The Dizi (pronounced tǐt͡sɨ)is a Chinese transverse flute traditionally made from bamboo, but occasionally from other materials including wood and even stone or jade. The modern Dizi is a six hole instrument whose open hole scale is the diatonic major (do, re, mi). In additon to the finger holes, there is a hole between the embouchure (blowing) hole and the finger holes called the mo kong. This hole is covered with a thin membrane made from a tissue-like shaving of reed material from the inside of a bamboo stalk and is called the dimo. The player glues this dimo into place using a natural adhesive, and it is carefully wrinkled in a manner which creates a distinct type of reedy “buzz” when the flute is played. Applying the dimo is an art unto itself, and the effect is quite unique (listen to sound sample below). These flutes have about a two and a quarter octave range, and are equal tempered across the scale, with A=440Hz.
So what makes my versions of the Dizi “optimized”? It is the addition of an internal parabolic taper in the headjoint, based upon that which was designed by Theobald Boehm, creator of the modern silver orchestral flute. The addition of this taper in the headjoint not only increases the power and projection of the flute, but also improves the intonation balance between the octaves. Coupled with the tuning slide, these features make for a professional level concert instrument of great versatility.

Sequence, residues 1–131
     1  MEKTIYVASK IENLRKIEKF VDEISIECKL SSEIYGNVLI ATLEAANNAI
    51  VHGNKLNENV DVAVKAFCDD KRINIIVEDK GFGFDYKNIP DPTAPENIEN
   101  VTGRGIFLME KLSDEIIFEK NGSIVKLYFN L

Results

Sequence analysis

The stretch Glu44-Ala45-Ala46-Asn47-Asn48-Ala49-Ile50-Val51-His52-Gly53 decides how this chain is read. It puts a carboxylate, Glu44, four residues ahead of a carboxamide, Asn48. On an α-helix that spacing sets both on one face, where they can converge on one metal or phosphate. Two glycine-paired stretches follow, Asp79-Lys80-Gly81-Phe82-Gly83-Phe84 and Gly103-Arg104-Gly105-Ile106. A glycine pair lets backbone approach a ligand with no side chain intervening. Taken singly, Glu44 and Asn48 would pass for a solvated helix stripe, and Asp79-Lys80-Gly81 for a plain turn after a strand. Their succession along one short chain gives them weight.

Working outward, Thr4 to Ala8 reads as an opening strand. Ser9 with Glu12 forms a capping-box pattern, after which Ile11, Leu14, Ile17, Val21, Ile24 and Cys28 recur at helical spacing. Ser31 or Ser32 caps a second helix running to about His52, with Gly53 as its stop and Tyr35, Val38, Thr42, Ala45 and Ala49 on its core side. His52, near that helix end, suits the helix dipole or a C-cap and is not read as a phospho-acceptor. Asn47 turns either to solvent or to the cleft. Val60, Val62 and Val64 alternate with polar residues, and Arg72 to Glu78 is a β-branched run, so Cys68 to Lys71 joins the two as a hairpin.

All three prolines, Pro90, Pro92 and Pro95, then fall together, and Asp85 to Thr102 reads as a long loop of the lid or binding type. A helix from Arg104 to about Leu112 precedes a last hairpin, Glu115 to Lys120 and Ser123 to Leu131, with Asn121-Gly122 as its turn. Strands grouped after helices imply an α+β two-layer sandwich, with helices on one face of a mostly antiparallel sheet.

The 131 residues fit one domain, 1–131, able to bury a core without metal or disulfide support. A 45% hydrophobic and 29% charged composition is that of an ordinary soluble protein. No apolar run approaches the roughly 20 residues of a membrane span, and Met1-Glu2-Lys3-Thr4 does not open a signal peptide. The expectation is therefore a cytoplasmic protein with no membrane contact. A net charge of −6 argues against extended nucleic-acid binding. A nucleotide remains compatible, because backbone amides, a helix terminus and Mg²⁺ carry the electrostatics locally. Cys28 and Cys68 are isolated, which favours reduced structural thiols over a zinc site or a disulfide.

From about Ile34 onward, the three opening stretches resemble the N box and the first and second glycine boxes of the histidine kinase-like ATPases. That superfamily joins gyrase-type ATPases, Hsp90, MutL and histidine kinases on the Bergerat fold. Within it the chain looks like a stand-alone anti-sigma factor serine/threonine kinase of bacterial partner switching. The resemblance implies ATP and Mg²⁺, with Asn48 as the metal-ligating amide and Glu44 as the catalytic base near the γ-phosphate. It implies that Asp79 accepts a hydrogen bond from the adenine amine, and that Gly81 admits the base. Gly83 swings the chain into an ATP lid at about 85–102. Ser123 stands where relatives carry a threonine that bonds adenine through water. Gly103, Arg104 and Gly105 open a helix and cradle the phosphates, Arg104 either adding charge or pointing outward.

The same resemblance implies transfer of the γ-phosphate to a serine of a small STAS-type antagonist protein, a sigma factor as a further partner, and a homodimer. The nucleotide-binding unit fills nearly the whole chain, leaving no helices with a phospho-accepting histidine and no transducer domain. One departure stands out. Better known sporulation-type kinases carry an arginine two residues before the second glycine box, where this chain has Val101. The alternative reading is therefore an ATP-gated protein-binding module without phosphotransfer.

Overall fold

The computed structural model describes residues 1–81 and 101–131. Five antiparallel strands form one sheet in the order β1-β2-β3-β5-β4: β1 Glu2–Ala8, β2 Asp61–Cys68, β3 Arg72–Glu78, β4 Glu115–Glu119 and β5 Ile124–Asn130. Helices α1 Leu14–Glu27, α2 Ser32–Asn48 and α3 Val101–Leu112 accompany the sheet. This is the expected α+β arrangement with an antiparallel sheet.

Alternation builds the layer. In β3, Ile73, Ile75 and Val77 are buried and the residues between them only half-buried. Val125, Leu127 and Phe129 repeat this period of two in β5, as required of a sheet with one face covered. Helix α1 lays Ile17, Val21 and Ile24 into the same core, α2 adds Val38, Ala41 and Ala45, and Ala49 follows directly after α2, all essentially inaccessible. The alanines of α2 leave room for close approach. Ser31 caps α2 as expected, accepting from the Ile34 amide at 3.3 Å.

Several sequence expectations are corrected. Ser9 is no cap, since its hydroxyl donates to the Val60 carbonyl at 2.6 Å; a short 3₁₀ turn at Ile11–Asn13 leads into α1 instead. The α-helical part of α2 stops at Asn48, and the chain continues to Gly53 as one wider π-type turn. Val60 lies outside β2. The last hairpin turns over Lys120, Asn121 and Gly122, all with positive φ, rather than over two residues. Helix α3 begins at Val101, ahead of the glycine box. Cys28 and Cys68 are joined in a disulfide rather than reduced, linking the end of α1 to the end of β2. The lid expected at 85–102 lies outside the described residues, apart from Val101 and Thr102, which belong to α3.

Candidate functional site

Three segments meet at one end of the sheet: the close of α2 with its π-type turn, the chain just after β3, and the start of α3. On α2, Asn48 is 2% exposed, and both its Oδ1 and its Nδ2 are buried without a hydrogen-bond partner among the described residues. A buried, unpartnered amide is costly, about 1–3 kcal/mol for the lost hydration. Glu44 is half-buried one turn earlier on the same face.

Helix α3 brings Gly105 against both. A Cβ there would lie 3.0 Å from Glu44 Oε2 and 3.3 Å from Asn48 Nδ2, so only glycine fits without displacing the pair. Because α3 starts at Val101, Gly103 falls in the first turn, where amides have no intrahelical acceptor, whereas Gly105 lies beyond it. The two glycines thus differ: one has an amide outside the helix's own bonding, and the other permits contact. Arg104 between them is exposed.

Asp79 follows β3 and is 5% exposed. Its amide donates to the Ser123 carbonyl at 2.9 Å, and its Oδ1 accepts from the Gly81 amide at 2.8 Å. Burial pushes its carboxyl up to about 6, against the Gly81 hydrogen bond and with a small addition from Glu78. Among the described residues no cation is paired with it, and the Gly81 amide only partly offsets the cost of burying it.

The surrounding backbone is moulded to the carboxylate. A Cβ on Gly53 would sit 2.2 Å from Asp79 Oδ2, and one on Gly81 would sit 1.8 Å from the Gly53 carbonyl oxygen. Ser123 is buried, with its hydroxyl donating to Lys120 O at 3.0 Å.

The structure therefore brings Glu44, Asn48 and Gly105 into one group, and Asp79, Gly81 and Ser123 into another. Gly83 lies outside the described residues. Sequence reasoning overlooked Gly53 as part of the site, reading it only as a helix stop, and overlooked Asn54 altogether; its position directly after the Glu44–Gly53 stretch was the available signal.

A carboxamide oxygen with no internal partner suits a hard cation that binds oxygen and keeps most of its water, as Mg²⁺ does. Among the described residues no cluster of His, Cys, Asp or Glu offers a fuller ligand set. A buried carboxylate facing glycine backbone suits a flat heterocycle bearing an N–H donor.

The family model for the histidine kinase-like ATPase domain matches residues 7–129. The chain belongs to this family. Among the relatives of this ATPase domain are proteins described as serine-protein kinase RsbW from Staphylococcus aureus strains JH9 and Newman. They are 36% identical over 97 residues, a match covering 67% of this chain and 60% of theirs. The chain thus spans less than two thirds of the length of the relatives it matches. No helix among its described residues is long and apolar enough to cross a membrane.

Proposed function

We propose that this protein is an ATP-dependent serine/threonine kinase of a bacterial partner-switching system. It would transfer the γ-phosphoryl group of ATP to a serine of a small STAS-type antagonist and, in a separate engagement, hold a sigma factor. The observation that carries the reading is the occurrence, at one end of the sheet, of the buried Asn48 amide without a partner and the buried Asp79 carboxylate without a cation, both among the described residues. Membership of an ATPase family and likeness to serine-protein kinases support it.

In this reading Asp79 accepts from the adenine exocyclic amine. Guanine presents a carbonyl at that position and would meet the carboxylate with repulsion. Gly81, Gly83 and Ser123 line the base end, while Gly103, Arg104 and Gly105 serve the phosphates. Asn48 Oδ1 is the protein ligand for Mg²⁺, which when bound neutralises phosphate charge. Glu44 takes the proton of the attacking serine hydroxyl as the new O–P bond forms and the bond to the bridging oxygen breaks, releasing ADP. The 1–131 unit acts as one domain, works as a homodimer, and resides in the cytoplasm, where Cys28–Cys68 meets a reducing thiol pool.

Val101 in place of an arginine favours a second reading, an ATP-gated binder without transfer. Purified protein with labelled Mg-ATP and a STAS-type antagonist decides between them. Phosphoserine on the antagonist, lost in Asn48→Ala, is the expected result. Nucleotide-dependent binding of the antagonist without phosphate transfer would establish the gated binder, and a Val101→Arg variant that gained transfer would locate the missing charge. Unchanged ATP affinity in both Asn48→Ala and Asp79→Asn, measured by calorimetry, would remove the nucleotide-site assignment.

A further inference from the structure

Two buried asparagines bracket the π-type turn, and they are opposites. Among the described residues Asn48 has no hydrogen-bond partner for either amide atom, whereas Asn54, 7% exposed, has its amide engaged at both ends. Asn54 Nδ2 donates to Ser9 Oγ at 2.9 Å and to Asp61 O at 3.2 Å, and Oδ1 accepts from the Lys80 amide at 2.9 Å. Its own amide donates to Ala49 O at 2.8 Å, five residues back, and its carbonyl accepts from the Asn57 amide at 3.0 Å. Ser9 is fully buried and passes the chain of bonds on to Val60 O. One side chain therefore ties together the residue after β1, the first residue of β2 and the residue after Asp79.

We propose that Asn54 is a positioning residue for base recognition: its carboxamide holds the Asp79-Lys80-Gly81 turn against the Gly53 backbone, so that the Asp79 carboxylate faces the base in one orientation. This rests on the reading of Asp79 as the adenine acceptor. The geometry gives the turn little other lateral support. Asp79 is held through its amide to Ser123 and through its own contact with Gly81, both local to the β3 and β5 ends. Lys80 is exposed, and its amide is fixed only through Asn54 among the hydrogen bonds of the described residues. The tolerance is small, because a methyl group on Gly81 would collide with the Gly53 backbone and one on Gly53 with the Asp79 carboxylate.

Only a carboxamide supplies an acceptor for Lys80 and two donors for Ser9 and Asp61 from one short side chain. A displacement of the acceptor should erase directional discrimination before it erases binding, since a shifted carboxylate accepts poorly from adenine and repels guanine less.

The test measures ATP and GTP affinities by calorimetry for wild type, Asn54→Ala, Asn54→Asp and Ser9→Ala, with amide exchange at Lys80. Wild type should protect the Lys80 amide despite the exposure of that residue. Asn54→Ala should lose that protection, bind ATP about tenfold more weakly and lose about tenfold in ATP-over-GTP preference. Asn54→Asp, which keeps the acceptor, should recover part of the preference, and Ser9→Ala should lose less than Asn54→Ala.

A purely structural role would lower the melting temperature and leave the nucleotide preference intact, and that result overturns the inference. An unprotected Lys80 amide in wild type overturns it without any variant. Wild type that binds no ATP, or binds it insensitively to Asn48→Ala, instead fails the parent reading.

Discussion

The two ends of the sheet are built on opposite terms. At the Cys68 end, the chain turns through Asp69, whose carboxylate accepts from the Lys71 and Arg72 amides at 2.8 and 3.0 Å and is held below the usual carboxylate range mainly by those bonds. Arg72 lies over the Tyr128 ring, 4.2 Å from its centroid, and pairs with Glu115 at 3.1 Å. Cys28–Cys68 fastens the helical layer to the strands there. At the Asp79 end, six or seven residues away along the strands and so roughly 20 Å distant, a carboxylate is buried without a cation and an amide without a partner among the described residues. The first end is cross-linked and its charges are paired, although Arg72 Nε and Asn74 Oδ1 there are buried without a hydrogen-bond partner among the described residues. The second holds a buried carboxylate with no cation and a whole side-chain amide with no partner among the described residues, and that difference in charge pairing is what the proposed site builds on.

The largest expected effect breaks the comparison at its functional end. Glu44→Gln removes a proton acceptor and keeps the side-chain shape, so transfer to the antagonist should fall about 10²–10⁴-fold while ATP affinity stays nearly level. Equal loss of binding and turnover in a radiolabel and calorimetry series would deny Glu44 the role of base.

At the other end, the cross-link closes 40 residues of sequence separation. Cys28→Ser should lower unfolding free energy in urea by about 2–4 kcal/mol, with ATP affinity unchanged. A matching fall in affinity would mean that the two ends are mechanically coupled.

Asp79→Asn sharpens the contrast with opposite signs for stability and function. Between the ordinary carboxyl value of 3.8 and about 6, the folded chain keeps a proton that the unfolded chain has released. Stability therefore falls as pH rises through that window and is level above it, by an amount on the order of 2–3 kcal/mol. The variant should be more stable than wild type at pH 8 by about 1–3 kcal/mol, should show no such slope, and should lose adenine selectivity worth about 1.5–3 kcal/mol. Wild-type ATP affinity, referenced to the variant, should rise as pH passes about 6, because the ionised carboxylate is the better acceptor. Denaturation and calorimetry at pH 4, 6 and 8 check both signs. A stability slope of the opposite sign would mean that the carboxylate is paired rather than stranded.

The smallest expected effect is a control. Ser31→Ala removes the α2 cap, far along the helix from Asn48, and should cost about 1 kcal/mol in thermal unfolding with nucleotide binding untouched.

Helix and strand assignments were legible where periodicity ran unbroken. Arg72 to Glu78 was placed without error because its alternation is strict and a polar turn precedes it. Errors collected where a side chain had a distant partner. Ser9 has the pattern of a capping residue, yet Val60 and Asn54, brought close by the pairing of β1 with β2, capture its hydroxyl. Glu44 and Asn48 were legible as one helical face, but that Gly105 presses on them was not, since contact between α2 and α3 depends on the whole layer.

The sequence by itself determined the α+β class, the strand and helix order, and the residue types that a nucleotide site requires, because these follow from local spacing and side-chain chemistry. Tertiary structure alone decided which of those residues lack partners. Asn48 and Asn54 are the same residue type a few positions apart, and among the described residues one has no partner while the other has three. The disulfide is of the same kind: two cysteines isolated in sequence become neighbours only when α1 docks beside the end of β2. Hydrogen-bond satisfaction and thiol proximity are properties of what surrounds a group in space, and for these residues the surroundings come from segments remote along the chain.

For players who wish to utilize it in settings where they do not want the buzzing tone of the dimo, it can be removed and replaced with a simple piece of tape.
In China the Dizi is available in a wide variety of keys, and I intend to add further variations over time. For now, they are available in the key of D (above middle C).
World flutes master Ron Korb demonstrates the dizi playing “Ancient China”, a track from his Grammy nominated Asia Beauty album.
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